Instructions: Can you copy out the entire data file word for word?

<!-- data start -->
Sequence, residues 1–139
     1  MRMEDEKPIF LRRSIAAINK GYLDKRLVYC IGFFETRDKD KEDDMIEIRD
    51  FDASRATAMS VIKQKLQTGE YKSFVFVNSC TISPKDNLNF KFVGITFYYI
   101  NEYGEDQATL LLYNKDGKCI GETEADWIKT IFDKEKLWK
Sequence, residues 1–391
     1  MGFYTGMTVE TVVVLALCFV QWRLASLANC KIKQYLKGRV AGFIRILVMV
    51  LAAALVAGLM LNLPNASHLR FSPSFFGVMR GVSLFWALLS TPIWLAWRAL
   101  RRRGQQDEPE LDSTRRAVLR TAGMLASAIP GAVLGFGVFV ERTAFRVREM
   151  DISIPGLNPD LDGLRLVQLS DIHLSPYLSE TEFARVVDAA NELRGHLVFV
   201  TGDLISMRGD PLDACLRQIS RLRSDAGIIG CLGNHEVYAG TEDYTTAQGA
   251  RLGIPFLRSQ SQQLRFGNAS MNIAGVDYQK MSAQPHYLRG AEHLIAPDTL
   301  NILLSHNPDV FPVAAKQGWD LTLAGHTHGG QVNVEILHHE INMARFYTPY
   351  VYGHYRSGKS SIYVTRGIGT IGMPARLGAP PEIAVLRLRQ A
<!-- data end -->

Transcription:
Sequence, residues 1–139
     1  MRMEDEKPIF LRRSIAAINK GYLDKRLVYC IGFFETRDKD KEDDMIEIRD
    51  FDASRATAMS VIKQKLQTGE YKSFVFVNSC TISPKDNLNF KFVGITFYYI
   101  NEYGEDQATL LLYNKDGKCI GETEADWIKT IFDKEKLWK
Sequence, residues 1–391
     1  MGFYTGMTVE TVVVLALCFV QWRLASLANC KIKQYLKGRV AGFIRILVMV
    51  LAAALVAGLM LNLPNASHLR FSPSFFGVMR GVSLFWALLS TPIWLAWRAL
   101  RRRGQQDEPE LDSTRRAVLR TAGMLASAIP GAVLGFGVFV ERTAFRVREM
   151  DISIPGLNPD LDGLRLVQLS DIHLSPYLSE TEFARVVDAA NELRGHLVFV
   201  TGDLISMRGD PLDACLRQIS RLRSDAGIIG CLGNHEVYAG TEDYTTAQGA
   251  RLGIPFLRSQ SQQLRFGNAS MNIAGVDYQK MSAQPHYLRG AEHLIAPDTL
   301  NILLSHNPDV FPVAAKQGWD LTLAGHTHGG QVNVEILHHE INMARFYTPY
   351  VYGHYRSGKS SIYVTRGIGT IGMPARLGAP PEIAVLRLRQ A